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Alone for the Holidays

Well, today is Thanksgiving in the United States, the first in a number of major holidays this season. In the lead up to today a sense of loneliness has been building and I expect it to continue over the next month or so. The ill feeling is a mix of being alone relationship-wise as well as recognizing that it was about a year ago now that the troubles with John and I really started to come to a head.

gourdsJohn and I talked about the upcoming holidays some and while we’re still friends we decided it would be best not to make major plans together for the holidays. As a part of our new lives apart we need to make new traditions for ourselves. Besides, I expect we’ll both be emotional about the season and its not good to try to vent that together.

Unfortunately, I didn’t make plans to visit my family back east for the holidays. That leaves me wondering what I will do for Christmas and New Years. Fortunately, for today I received a gracious invite for lunch.

Here’s wishing you all a happy Thanksgiving.


Dating Again #1: Mr. Rebound

When I met John I had been in the dating world only for a short time. After our relationship ended I found myself back in the dating pool. Since, I have found it a bit daunting to try dating again. I certainly know a lot more now than when I first really started dating older men six years ago, but I’m finding that I’m encountering more unusual and challenging experiences than I expected. This is the first post of a series reflecting on my experiences now that I’m dating again.

Shortly after the split I started frequenting one of the more popular intergenerational gay dating sites. Having just come out of a relationship I wasn’t looking for anything serious and even if I were I wouldn’t know what I was looking for. I just wanted to get out, try dating again, and hopefully have some fun times. On this website I started trading a few messages with the man I’m going to call Mr. Rebound.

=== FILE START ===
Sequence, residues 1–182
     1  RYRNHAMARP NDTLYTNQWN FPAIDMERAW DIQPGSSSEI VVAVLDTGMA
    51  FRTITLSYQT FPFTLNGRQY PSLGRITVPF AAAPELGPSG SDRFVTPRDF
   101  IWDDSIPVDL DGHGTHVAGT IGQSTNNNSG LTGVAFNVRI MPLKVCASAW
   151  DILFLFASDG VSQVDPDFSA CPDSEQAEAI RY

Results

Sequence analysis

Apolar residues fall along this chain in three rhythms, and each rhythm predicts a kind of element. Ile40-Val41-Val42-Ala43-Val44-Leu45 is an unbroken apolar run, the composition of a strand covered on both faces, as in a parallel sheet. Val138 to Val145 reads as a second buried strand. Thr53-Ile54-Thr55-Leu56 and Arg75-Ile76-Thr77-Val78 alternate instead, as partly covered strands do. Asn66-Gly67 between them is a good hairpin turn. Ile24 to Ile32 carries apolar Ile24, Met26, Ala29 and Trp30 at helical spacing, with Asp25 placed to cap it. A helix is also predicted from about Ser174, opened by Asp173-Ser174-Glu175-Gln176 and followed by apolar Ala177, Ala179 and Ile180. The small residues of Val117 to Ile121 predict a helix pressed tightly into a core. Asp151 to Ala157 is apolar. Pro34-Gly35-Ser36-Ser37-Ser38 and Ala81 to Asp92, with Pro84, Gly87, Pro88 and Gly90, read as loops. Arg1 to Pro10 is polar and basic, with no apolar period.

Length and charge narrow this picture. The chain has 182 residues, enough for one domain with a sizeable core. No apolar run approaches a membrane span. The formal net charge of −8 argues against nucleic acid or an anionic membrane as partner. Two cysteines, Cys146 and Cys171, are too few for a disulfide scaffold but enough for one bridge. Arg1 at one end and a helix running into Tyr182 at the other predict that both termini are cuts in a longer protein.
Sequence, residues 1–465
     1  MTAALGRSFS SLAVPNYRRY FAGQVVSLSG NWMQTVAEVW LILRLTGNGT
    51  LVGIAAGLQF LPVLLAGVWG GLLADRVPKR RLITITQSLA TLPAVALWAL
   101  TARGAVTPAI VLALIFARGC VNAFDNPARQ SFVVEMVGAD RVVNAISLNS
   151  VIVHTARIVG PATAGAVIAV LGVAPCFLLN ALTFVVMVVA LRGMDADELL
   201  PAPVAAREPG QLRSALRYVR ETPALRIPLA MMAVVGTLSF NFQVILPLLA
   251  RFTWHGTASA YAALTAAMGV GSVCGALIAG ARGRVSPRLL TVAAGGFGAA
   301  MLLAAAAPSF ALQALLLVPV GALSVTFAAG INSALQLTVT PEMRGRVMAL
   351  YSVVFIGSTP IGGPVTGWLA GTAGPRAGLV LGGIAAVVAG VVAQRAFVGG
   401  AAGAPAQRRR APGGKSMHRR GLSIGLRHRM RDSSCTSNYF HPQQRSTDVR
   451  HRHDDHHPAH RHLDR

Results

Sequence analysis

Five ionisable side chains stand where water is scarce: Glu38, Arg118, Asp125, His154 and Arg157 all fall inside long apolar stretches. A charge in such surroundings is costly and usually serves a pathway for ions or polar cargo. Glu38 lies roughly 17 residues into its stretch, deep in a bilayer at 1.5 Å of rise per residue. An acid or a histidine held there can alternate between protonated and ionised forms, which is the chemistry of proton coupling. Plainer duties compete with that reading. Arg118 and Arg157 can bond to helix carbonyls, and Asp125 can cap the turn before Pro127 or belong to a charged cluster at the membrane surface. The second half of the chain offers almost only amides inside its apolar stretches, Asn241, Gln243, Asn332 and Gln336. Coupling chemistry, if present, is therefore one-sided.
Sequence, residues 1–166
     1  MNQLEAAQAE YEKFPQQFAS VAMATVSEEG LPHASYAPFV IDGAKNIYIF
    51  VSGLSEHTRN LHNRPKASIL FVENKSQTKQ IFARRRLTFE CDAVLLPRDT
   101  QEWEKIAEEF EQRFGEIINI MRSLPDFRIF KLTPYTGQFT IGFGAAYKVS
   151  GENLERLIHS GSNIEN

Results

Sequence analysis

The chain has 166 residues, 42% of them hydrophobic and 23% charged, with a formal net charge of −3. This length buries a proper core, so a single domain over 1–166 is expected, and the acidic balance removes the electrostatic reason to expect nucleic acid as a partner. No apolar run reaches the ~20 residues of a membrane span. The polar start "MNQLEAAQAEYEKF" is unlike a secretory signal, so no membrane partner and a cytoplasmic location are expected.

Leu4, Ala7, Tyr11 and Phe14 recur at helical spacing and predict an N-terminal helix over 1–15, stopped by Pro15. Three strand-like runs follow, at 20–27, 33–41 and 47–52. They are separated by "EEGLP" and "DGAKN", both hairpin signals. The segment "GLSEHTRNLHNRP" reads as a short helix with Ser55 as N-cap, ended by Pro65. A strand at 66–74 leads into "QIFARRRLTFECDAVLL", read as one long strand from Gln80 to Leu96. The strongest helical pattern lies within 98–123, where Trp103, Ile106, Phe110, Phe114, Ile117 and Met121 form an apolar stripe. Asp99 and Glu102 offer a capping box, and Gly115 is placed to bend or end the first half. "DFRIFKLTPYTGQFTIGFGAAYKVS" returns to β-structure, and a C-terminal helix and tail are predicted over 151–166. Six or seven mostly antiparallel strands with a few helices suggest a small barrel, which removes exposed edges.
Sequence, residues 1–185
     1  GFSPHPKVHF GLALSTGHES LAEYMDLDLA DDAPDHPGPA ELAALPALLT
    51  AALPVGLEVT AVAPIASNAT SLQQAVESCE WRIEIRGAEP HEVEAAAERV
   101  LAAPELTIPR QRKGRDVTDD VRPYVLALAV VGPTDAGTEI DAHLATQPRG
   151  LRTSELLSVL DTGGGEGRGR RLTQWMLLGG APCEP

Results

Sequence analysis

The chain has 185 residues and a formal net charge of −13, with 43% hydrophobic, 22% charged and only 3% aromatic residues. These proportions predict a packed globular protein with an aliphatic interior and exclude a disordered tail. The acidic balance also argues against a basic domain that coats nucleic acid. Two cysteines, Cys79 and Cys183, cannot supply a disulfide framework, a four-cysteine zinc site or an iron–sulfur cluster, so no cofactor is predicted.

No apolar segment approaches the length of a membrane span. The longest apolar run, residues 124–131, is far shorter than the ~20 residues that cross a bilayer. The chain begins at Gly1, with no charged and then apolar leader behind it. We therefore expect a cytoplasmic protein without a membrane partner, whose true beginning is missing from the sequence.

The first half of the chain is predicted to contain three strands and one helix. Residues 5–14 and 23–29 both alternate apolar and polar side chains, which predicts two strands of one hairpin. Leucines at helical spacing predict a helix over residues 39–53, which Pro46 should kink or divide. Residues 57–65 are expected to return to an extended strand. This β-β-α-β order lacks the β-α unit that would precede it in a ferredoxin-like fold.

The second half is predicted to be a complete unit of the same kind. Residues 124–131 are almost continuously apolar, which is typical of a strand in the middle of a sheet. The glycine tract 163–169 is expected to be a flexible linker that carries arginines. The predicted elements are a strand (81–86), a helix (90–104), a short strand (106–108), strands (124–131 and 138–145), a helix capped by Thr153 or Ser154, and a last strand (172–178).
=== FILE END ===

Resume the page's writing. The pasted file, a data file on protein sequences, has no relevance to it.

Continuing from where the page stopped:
Mr. Rebound was friendly, thoughtful, and a little bit shy. My own introverted nature led to some of the problems I had with John and it was refreshing to encounter someone that seemed to understand that part of my personality. After a couple of weeks of correspondences and chatting we agreed to meet for coffee one afternoon. The first meeting was rather uneventful. Mr. Rebound was unassuming and easy to be around. We sipped coffee and had rather general conversation. At that first meeting I found him attractive and was excited at the prospect of potentially being with him.

Mr. Rebound and I continued to have our online conversations, and early on he was well aware that I had just come out of a relationship. We commiserated together at how much of the world just doesn’t get the way introverts like us operate. A week or two after the first coffee date we met again for dinner.

To be honest, I don’t remember the dinner much. Afterwards he invited me to his place. We chatted more, listened to music, sat on his couch together and eventually began to make out. Mr. Rebound respected, or at least tried to respect, the fact that we really hadn’t known each other long and that I was fresh out of a relationship. I kept the momentum going however and we ended up in his bed. Again, he tried to slow things down but I thought I was ready to go for it. I threw caution to the wind and we ended up hot, sweaty, naked, and sticky.